Old & Rare Blended Malt Scotch Whisky
Blended malts are essentially blended Scotch whiskies without the grain element. They combine single malt whiskies from two or more distilleries and, as such, their flavours are as rich and varied as the entire distillery map of Scotland, from honeyed fruitiness to full-on peat smoke.
Spirit of innovation
This is a category where distillers are happy to give their imaginations free rein, mingling the diverse characters of individual distilleries to create new layers of interest and complexity. This free thinking extends to the names of the whiskies themselves: Big Peat, Monkey Shoulder, Sheep Dip, to name but three.
The legal bit
The name ‘blended malt’ is a relatively recent innovation. Until 2009, these whiskies were usually called ‘vatted’ or ‘pure’ malts, but that all changed with the Cardhu affair, which began in 2003.
Such was the success of Cardhu single malt in Spain that owner Diageo found demand outstripping supply – and came up with the idea of making Cardhu a ‘pure’ or blended malt, combining it with whisky from other Speyside distilleries and renaming the Cardhu distillery Cardow.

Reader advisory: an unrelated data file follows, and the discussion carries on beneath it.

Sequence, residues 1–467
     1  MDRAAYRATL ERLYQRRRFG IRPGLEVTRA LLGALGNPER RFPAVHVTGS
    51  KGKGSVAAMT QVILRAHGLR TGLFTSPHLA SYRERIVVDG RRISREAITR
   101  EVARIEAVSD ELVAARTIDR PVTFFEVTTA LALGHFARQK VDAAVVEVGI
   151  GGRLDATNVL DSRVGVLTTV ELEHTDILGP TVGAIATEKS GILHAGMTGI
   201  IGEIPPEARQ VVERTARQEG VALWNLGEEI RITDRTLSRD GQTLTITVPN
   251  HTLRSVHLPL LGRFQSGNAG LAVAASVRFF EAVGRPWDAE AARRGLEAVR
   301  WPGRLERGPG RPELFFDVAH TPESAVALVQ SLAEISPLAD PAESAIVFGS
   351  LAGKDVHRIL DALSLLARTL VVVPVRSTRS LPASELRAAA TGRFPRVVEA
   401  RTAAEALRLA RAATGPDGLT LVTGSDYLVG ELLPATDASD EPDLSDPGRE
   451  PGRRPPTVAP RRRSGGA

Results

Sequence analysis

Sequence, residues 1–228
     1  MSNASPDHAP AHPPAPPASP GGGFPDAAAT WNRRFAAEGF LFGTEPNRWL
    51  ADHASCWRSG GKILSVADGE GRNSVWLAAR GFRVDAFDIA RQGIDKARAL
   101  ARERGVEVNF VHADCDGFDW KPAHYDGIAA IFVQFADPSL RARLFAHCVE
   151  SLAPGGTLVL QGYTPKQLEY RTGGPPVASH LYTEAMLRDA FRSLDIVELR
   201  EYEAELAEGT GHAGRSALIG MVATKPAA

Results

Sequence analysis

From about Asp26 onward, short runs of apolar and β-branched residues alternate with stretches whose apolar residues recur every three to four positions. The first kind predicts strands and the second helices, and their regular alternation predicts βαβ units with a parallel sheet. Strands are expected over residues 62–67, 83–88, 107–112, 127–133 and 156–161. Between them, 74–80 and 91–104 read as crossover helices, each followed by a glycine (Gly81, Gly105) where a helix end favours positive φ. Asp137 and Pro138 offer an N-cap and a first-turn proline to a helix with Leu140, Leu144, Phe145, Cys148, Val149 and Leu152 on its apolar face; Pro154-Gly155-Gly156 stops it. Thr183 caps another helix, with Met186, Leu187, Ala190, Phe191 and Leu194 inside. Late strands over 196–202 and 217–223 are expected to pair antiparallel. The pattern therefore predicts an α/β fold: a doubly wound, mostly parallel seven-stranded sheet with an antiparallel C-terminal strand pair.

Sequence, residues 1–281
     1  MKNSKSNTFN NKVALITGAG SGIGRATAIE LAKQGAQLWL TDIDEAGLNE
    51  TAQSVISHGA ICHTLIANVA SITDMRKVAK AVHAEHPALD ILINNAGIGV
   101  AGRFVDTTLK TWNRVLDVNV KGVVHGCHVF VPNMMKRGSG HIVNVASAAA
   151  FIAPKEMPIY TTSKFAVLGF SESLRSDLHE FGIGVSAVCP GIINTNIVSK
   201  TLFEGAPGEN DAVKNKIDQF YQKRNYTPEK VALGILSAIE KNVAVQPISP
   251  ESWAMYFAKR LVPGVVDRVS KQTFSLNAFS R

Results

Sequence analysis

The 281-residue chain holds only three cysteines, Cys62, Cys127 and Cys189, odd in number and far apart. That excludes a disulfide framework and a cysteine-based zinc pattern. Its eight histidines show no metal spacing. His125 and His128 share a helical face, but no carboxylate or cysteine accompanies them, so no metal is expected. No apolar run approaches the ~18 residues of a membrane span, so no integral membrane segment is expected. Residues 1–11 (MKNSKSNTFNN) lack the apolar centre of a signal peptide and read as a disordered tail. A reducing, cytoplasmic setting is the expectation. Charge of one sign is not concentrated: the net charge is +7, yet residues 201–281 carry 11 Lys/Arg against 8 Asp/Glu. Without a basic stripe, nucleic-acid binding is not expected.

Cue a tidal wave of protests from rival companies and whisky enthusiasts, a climbdown from Diageo (Cardow swiftly became Cardhu again) and – eventually – the renaming of the category as ‘blended malt’ to clarify matters.
A flavour kaleidoscope
Whatever the terminology, blended malts remain a hotbed of innovation in the relatively conservative world of Scotch whisky. Indeed, previous incarnations of The Spice Tree from Compass Box – a rich mix of Highland malts centred on Clynelish – have fallen foul of the Scotch Whisky Association, which ruled its innovative oak maturation technique illegal. Luckily, the method has been tweaked and the whisky is back and better than ever.
Elsewhere, there is a rainbow palette of flavours, from Monkey Shoulder, a smooth-as-silk combination of Glenfiddich, Balvenie and Kininvie, to Douglas Laing’s uncompromisingly smoky Big Peat – an Islay masterclass mingling Ardbeg with Caol Ila, Bowmore and the much-missed Port Ellen.
Did you know?
- These whiskies are big business in Taiwan, which remains by far the world’s biggest blended malt market
- There’s no limit to the number of single malts you can use in a blended malt: while Monkey Shoulder combines only three, Wemyss The Hive is made up of no fewer than 16, many of them from Speyside
- You might think you’re firmly rooted in Islay when tasting Peat Monster from Compass Box – but peated Speysider Ardmore is a crucial part of the mix
Typical Character and Style of Old & Rare Blended Malt Scotch Whisky
- Dried Fruit